Also if I add the opportunity costs i.e. investing the EMI and front cost minus rent in an MF with only 10% return it will become 1.32 Cr in 15 years so if the flat in which I live today is available for 1.32 crore after 15 years, it’s OK, nothing to worry.
Secondly, detach emotions from house & treat it like a commodity. I often ask people when you dont have a car do you whine about using public transport or do you feel embarrassed about hiring a taxi. If no then why the hell you shy living on rent. Just pay that cheque & save all the bothers of becoming a landlord. One more benefit of the rented house ” You can always change it easily when your astrologer tells you that it is not VASTU Compliant, Will you ever get such wonderful chance to enhance your luck so easily in your own house
Pramod, you are one of the rare found die-hard fans of renting. While your views are more biased about renting, which I fully agree. You have taken out some of the things which drive people to own home and that can be pure emotional reasons and its fine.
Some people will feel suffocated enough to live in a rented house and the idea of not having their own home will kill them each day, this idea of renting if better than owning and blah blah will not work on them no matter what one does
While I am with you on renting, the point I want to make is renting vs buying has its own positives and negatives and nothing wrong about it, just that a person should understand which boat he wants to sail in. What do you say Pramod? Read Meena’s comments above, you will get what I am saying
Manish, I am a fan of renting as long as the rent remains within the 3-4% range of the property value. As I shared with the group I am also planning to buy a house but only when it is affordable. I do not want to spend the next 20 years of my life in stress & sacrifices.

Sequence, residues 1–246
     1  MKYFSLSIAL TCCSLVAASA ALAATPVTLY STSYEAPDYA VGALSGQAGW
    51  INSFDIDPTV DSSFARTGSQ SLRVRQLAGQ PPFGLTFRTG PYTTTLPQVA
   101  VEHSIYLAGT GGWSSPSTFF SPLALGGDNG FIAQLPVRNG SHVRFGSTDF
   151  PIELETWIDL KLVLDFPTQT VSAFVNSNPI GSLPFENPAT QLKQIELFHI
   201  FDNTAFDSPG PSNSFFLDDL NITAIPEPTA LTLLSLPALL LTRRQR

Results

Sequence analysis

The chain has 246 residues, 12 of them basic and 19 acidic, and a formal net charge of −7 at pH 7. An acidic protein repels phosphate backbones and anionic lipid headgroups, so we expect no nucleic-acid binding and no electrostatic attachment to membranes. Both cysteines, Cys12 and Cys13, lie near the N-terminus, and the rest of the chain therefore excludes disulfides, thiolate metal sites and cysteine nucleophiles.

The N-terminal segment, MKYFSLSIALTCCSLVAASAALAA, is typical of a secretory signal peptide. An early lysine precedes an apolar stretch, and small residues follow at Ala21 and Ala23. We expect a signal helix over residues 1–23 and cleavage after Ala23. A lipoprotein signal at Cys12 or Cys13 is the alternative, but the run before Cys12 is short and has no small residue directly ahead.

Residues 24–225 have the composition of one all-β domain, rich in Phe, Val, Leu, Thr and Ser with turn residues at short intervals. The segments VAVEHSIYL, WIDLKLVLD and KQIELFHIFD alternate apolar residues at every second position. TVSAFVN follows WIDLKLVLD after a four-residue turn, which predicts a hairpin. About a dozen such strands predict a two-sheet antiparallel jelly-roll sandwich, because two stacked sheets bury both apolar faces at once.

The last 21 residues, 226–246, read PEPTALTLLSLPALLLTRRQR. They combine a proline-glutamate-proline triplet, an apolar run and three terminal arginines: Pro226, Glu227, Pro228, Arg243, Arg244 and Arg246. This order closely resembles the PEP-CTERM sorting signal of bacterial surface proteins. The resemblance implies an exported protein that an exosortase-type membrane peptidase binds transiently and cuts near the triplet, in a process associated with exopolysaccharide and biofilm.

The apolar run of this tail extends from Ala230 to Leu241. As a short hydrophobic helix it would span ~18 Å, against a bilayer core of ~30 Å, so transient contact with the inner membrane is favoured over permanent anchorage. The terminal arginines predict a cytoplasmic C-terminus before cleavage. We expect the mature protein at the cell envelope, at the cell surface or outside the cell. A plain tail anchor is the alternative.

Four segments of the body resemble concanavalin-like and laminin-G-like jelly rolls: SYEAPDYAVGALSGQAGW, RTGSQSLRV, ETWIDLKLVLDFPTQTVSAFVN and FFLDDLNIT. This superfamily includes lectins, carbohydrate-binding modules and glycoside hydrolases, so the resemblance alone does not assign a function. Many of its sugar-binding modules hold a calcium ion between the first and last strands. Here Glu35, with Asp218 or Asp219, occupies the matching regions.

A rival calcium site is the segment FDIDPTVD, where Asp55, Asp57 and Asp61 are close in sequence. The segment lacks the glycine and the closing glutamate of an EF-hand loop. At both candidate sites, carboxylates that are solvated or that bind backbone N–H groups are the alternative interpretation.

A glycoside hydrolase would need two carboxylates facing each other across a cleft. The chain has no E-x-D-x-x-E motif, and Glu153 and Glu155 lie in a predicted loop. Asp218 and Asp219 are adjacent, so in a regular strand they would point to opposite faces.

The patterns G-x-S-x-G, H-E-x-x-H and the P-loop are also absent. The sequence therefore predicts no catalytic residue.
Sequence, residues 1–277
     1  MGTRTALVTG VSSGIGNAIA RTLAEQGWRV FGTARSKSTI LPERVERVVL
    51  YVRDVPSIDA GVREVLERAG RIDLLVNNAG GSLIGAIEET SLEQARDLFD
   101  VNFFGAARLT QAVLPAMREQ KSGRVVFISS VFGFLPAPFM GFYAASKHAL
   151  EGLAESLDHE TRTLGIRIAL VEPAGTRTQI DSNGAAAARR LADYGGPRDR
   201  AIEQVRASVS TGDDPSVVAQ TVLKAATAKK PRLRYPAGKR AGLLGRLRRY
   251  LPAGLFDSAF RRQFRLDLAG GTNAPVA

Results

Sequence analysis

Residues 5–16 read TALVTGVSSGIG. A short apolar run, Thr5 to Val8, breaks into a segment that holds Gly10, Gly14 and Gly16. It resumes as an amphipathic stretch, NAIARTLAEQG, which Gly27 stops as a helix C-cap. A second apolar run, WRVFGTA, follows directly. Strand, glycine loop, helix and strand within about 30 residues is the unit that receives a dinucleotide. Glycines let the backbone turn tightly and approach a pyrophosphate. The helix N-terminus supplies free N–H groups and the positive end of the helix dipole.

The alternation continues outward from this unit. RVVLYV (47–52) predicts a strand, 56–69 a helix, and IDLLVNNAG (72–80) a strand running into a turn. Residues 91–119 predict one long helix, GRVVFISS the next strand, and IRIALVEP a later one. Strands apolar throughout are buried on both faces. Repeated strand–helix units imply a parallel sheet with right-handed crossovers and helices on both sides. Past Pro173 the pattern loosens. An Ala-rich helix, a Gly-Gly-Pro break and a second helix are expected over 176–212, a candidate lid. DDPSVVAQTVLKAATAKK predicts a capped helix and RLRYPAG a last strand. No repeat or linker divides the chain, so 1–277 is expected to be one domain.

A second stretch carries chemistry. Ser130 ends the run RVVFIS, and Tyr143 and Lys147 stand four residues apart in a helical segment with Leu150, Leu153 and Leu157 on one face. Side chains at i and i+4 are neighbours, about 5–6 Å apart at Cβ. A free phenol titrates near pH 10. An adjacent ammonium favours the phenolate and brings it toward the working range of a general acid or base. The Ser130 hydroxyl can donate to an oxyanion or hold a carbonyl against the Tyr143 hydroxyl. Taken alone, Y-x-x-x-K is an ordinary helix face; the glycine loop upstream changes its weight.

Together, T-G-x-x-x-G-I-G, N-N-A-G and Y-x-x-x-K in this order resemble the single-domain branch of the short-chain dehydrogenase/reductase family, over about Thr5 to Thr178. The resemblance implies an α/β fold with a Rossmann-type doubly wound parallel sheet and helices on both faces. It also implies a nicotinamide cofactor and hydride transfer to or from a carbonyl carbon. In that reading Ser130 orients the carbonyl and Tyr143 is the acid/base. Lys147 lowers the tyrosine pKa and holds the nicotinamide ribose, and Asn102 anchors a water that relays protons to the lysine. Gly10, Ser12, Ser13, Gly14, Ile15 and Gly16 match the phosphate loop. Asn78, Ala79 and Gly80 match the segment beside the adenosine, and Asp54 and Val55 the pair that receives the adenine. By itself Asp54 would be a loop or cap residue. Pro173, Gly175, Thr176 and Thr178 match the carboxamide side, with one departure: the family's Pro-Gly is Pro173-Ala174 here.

As far as Meena’s points are concerned, I am 120% in agreement with her on-point no. 3 and that is the single most reason that provokes many to buy a house.
But in these days of apartments you can negotiate well as owners know that an empty flat is going to cost him the maintenance and it always depend on your relations as well as the demand-supply situation.
Coming to the other 3 Point –
1- House as an investment, An investment by def. is something which you are going to encash upon value appreciation. So your first house is never going to fit into this axiom. Are you going to sell it after 20 years? 99.9% of people won’t, so what kind of investment?
2. The investment in MF vs Real estate depends upon your kitty. Till the time I have 5-6 lacs accumulated can’t even dream of buying a property even on loan so it always depends on your net worth and no arguments on this point as it is very personal.
3. On this point I agree but again it is emotional and depends on the market. In Gr Noida where I live 50% city is empty so no dearth of flats on rent and I can negotiate.
4. This is one thing that comes as the ultimate logic for buying a house. Let’s see. The principle amount is incl in 80C so after PF, Children fees & insurance what the hell is left. For interest, you can claim tax 1.5 Lacs. Anyone who can buy a house worth 30Lacs must be earning 50K & in this salary, the HRA usually is 10000 approx. so if you take benefits of 1.5l interest payment you have to forego 1.2 lacs benefits of HRA which brings it down to 30k.
Is it worth to buy a house to save a maximum of Rs.9000? Better not watch some crapy movies and save 200 rs on popcorn which is available for 10 Rs outside the cinema hall.
Finally indeed renting and owning has its own pros and cons but here we are discussing these things from personal finance angle not emotional otherwise nothing can replace the joy that I can see on the faces of my family if I take them to Switzerland but can I afford it And also we have seen many old people who spent their life savings owning a house and are still struggling to meet life’s basics in the last stage of the life. Is the house really an investment?
So remember 1st house is always a commodity that you are going to use and 2nd, 3rd …nth property is investment only so do not buy the argument of returns however use these “returns” to check the affordability factor for you say X years down the line if you will still be able to buy that flat.
You have made some excellent points . However on one point, I would like to comment. You said
“Are you going to sell it after 20 years? 99.9% of people won’t, so what kind of investment?”